Goldtrail collapse wreaks holiday chaos on 50,000

UP to 50,000 Britons were today facing summer holiday misery this weekend with the collapse of a tour operator.

Around 16,000 Goldtrail customers were abroad when the Greece and Turkey specialist went into administration on Friday afternoon, while a further 2,000 were scheduled to fly from the UK this weekend.

As the school holiday season gets under way, it is estimated 50,000 people booked to travel with Goldtrail could be affected over the summer months.

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Authorities sought to reassure holidaymakers they could claim back money lost on bookings while alternative flights and accommodation were also available.

The Civil Aviation Authority (CAA) said it was making arrangements to fly customers home at the end of their holiday under its Atol (Air Travel Organiser's Licensing) scheme.

No outbound Goldtrail flights were running from UK airports and people planning to set off on holiday were advised to check first, the aviation regulator added.

Holidaymakers spoke of their anger and disappointment at their trips to Turkey and Greece being put in jeopardy.

Unwitting travellers checked in for a flight to Turkey on Friday night before learning just hours later that the trip was cancelled.

A Glasgow Airport spokesman said 180 passengers were due to travel to the resort of Bodrum.

Holidaymakers watched departure boards announce repeated delays before their 8.45pm flight was cancelled at around midnight.

The Glasgow Airport spokesman said: "People had checked in then the company went into administration."

Joanna Farnan and her friend Mark Mclay, who were among those who were due to fly out of Glasgow Airport on Friday night, said passengers were met by police at the departure gate and warned to hand back any duty free they had purchased.

Ms Farnan told the BBC she was "pretty disappointed" and that it would take up to 12 months to get her money back.

Mr Mclay said: "We were pretty calm at the time but obviously a bit gutted.

"It was just really a shame for families. You could tell you had parents trying to explain to them (children) why they were packing their bags up again."

In a statement issued on its website on Friday night, the CAA said: "The CAA has taken steps to protect customers booked with Goldtrail Travel Limited after the company ceased trading.

"Goldtrail Travel Ltd, trading as Goldtrail Holidays, Goldtrail Travel and Sunmar, held Atol licence 4684 and was based in New Malden, Surrey. It operated flights and holiday packages from many UK airports to Turkey and Greece. It sold mainly through travel agents.

"The CAA, under its Atol scheme, is making arrangements for customers abroad to travel home at the end of their holidays."

The CAA said those already abroad on flight inclusive holidays would be repatriated back to the UK.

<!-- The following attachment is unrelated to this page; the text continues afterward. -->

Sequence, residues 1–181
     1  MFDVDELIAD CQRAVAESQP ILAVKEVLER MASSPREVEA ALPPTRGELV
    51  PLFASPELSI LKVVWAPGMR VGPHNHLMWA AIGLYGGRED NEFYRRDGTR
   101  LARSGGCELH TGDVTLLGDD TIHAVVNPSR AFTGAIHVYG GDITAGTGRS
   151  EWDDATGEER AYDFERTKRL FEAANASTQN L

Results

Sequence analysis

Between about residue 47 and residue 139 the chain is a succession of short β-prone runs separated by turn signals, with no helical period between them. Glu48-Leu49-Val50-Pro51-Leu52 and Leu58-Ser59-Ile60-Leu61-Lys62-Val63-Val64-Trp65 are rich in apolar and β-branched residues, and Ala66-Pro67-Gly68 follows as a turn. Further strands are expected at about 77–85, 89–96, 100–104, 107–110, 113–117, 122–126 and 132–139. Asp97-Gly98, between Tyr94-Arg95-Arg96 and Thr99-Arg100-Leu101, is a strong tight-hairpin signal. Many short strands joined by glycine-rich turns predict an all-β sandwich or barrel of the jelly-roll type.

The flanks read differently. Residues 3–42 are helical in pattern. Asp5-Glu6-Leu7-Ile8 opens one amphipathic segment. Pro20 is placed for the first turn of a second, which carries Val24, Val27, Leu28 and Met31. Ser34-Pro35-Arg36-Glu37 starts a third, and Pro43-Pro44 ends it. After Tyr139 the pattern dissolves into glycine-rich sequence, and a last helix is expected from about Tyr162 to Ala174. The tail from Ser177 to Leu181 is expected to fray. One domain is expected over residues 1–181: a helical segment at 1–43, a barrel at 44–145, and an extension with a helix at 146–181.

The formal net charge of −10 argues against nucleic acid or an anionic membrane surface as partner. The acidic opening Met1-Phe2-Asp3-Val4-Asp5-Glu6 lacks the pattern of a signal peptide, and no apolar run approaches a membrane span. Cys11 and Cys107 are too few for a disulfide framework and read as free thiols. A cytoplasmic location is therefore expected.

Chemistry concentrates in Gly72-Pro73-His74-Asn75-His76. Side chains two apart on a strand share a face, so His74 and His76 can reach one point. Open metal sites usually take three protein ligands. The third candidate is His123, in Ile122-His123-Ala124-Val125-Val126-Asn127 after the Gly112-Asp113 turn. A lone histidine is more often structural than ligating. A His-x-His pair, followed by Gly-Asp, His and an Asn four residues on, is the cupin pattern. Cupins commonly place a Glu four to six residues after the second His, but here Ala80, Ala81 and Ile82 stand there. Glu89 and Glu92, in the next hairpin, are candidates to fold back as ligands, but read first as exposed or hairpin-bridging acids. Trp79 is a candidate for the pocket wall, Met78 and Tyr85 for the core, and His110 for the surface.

"All inbound flying from Turkey and Greece will operate as scheduled over the weekend, and up to and including Monday July 19," it added. "Passengers who are due to return to the UK are advised to go to the airport as originally scheduled."

Information on inbound flights from Tuesday will appear on the CAA website later.

The CAA advised passengers who are due to go on holiday with Goldtrail to contact their travel agent.

Details on how to claim a refund will be placed on the website tomorrow, according to the CAA.

Cassie Inns, from Surrey, was due to travel to Turkey with Goldtrail tomorrow.

The 23-year-old told BBC News: "I'm very upset. It's just a nightmare.

"There's no information being given to me so really I don't know anything that's going on at all."

Goldtrail was a medium-sized independent tour operator with around 150,000 customers in total, according to Abta spokesman Sean Tipton.

"If people's summer holiday has been cancelled they would need to rebook their arrangements," he said.

"But there is still some availability in Greece and Turkey.

"If people booked through an Abta travel agent they will probably be looking into that already."

Barrhead Travel founder Bill Munro said he had long-standing misgivings about Goldtrail and said its collapse was "an accident waiting to happen".

A queue formed outside the company's office in Glasgow's Oswald Street as desperate travellers sought to book new holidays.

Last year Goldtrail was accused of putting customers up in sub-standard hotels and faced a string of complaints exposed by BBC Watchdog.

In March 2009, the programme featured customers who said they were given accommodation which had no curtains on the bedroom windows, stained mattresses and filthy restaurants.

The company was accused of writing back to some holidaymakers who complained, saying they "shouldn't expect too much from a cheap holiday".

Goldtrail defended itself against the claims saying the "majority" of its clients were happy with their holidays.

Dermot Blastland, managing director of Thomson and First Choice, said: "We have been briefing our agents up and down the country to ensure they can offer advice on how to claim a refund and how to go about booking a new holiday."

He said that although there was no guarantee the company would have identical holidays it had "pockets of availability" to Turkey and Greece over the summer.

Rochelle Turner from Which? Holiday said: "This is more bad news for British tourists, just when we thought the travel industry was back on its feet following the volcanic ash disruption.

"Once again we are reminded of how important it is to ensure you're protected in case something go wrong with your holiday.

"Those who booked with Goldtrail are covered by Atol bonding, so the CAA will be taking steps to get them home.

"Those who have booked with Goldtrail but haven't yet flown will get their money back, but this may take some time."

Goldtrail customers can call the CAA on 0203 4410846 for information.